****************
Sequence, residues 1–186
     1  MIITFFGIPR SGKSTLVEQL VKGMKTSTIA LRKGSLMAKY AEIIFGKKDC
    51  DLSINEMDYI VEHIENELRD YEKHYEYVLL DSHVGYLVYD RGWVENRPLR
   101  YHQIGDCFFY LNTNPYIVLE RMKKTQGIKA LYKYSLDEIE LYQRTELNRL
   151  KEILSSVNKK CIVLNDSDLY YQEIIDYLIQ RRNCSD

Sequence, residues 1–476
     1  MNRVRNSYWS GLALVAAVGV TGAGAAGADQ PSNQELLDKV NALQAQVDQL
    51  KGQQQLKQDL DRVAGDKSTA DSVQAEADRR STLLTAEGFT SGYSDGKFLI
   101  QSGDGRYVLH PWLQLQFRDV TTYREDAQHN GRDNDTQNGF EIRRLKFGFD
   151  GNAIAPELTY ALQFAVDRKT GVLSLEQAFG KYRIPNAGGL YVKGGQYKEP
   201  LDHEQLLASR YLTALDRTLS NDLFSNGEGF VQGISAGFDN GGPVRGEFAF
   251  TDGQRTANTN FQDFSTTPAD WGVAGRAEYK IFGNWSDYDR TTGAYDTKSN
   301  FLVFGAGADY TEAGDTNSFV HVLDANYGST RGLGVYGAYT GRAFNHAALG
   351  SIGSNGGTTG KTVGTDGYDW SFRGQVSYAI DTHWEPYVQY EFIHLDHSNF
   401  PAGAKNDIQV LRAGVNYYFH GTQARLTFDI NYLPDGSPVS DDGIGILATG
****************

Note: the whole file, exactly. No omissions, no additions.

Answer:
Sequence, residues 1–186
     1  MIITFFGIPR SGKSTLVEQL VKGMKTSTIA LRKGSLMAKY AEIIFGKKDC
    51  DLSINEMDYI VEHIENELRD YEKHYEYVLL DSHVGYLVYD RGWVENRPLR
   101  YHQIGDCFFY LNTNPYIVLE RMKKTQGIKA LYKYSLDEIE LYQRTELNRL
   151  KEILSSVNKK CIVLNDSDLY YQEIIDYLIQ RRNCSD

Sequence, residues 1–476
     1  MNRVRNSYWS GLALVAAVGV TGAGAAGADQ PSNQELLDKV NALQAQVDQL
    51  KGQQQLKQDL DRVAGDKSTA DSVQAEADRR STLLTAEGFT SGYSDGKFLI
   101  QSGDGRYVLH PWLQLQFRDV TTYREDAQHN GRDNDTQNGF EIRRLKFGFD
   151  GNAIAPELTY ALQFAVDRKT GVLSLEQAFG KYRIPNAGGL YVKGGQYKEP
   201  LDHEQLLASR YLTALDRTLS NDLFSNGEGF VQGISAGFDN GGPVRGEFAF
   251  TDGQRTANTN FQDFSTTPAD WGVAGRAEYK IFGNWSDYDR TTGAYDTKSN
   301  FLVFGAGADY TEAGDTNSFV HVLDANYGST RGLGVYGAYT GRAFNHAALG
   351  SIGSNGGTTG KTVGTDGYDW SFRGQVSYAI DTHWEPYVQY EFIHLDHSNF
   401  PAGAKNDIQV LRAGVNYYFH GTQARLTFDI NYLPDGSPVS DDGIGILATG